Ola Bengtsson is assistant professor of finance at the University of Illinois. He received his undergraduate degree in business and economics from the Stockholm School of Economics, and his MBA and PhD in finance from the University of Chicago. He has been on the faculty of Cornell University. He is affiliated with the Institute of Financial Research (SIFR) and the Research Institute of Industrial Economics (IFN). His areas of interest include venture capital, entrepreneurship, and corporate finance. (p. x)



Wolfgang Bessler is professor of finance and banking at Justus-Liebig-University in Giessen. Previously, he was a faculty member at Syracuse University, Rensselaer Polytechnic Institute, and Hamburg University. He has published widely in the leading finance journals. His research interests in corporate finance include financing new ventures, initial public offerings, M&As, and innovations. He serves on the editorial board of various international finance journals.



Joern Block is assistant professor at Technische Universität München and Erasmus University, Rotterdam. He graduated from Humboldt University, Berlin, with a degree in business administration, and from Technische Universität München with a PhD in entrepreneurship and innovation management. He has published in the Journal of Business Venturing, Small Business Economics, and Research Policy. His research interests are in the areas of entrepreneurship, innovation, family firms, and corporate governance.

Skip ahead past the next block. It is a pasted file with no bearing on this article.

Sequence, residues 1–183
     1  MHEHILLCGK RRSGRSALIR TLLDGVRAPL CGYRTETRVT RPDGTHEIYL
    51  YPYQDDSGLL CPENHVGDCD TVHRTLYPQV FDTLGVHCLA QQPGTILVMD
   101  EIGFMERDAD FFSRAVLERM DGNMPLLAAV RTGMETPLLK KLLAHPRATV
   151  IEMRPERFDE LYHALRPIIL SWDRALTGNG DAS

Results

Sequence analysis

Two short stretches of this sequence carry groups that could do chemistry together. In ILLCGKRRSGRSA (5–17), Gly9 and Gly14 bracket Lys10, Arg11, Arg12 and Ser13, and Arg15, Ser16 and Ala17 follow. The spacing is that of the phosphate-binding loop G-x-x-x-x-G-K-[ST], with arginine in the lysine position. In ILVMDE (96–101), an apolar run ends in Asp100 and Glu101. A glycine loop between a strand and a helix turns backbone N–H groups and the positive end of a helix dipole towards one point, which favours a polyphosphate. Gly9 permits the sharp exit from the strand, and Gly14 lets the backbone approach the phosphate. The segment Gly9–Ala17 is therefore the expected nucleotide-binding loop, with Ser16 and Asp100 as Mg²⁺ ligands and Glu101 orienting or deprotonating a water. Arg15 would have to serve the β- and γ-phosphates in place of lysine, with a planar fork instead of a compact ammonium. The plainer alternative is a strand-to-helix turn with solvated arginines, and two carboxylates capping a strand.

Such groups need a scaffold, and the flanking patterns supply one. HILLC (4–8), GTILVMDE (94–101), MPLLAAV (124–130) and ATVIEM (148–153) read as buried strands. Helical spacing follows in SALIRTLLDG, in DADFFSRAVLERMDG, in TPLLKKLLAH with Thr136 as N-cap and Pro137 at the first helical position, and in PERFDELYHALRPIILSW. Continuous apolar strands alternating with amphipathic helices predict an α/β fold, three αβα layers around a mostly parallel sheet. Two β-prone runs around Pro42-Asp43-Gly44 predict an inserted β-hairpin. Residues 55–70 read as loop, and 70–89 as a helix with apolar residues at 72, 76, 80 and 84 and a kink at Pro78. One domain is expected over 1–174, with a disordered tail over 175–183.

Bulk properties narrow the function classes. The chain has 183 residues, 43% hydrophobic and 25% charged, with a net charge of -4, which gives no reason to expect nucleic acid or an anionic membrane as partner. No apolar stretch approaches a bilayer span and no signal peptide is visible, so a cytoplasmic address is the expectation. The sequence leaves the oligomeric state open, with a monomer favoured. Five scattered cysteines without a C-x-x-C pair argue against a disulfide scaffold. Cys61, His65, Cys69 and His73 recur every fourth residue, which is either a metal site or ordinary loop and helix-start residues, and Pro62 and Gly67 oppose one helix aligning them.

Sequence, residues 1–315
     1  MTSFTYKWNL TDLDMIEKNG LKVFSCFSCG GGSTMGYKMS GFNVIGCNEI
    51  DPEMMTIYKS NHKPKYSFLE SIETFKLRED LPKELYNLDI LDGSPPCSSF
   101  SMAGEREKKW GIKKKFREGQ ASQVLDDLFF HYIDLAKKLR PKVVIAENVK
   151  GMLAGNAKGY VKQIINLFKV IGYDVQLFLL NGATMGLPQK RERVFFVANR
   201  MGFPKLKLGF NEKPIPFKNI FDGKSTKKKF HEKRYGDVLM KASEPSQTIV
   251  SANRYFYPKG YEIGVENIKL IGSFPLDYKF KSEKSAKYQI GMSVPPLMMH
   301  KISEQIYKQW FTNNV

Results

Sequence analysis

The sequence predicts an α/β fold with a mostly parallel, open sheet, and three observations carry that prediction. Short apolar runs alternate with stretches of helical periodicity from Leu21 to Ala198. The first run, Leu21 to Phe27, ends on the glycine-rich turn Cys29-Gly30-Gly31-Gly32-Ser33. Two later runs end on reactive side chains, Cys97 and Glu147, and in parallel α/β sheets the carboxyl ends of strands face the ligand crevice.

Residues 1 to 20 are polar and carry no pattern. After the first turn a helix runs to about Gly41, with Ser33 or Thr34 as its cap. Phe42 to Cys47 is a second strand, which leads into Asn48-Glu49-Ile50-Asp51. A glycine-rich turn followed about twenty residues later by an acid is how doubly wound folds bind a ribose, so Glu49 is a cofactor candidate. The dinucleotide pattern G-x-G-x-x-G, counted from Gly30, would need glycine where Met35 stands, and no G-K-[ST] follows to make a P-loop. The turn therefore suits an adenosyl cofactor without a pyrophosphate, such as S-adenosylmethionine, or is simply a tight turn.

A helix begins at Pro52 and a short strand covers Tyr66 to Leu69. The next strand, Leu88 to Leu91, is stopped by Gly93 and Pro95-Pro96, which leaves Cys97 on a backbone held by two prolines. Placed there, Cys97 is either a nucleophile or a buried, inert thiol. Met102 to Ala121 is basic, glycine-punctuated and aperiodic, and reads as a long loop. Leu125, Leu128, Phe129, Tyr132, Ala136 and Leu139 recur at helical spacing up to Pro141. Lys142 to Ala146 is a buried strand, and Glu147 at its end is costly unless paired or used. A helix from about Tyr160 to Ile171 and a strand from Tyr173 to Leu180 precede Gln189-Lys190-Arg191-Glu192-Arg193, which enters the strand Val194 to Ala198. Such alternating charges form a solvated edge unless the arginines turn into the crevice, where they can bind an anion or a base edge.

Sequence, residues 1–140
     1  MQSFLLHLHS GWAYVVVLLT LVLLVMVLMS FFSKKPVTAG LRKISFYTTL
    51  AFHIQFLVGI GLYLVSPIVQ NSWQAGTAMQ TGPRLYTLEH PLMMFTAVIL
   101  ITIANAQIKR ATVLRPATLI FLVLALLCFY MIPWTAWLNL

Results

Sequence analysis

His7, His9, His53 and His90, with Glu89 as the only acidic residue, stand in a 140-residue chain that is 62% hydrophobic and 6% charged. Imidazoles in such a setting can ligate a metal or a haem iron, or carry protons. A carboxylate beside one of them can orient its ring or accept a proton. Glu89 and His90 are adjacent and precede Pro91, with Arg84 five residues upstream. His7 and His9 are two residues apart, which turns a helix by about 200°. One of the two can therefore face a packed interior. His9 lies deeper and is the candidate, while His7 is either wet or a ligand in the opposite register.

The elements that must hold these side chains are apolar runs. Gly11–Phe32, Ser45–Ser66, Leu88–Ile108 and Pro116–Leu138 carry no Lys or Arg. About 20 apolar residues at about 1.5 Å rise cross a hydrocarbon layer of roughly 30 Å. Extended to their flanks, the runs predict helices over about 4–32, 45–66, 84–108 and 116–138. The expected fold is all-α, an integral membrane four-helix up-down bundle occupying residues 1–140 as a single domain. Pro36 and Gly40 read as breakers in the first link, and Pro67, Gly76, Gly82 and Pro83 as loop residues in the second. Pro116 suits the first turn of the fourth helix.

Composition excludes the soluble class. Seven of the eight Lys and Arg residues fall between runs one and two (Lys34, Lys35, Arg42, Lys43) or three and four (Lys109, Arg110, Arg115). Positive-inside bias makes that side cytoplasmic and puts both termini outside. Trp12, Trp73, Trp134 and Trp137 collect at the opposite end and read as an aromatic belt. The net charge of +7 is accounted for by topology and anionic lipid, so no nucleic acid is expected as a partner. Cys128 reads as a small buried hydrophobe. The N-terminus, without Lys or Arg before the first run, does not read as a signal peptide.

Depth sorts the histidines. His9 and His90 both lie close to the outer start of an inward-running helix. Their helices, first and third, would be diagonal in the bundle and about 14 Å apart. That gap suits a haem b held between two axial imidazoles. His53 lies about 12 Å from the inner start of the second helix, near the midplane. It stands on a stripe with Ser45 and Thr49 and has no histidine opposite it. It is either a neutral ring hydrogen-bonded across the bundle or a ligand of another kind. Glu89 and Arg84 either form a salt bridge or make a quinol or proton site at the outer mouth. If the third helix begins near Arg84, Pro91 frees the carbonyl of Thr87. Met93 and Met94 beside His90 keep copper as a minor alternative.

Stefano Bonini is assistant professor of finance at Bocconi University. He received his PhD from Bocconi University in Milan, Italy. He has been visiting associate professor of finance at NYU Stern School of Business and visiting scholar at Harvard University and MIT. His research interests include the quality and accuracy of equity and debt analysts, the capital structure determinants of firms, and the structure and management of venture capital and private equity companies. His research has been published in academic journals such as Journal of Business Ethics, Corporate Governance, Journal of Business Finance and Accounting, Small Business Economics, and European Financial Management.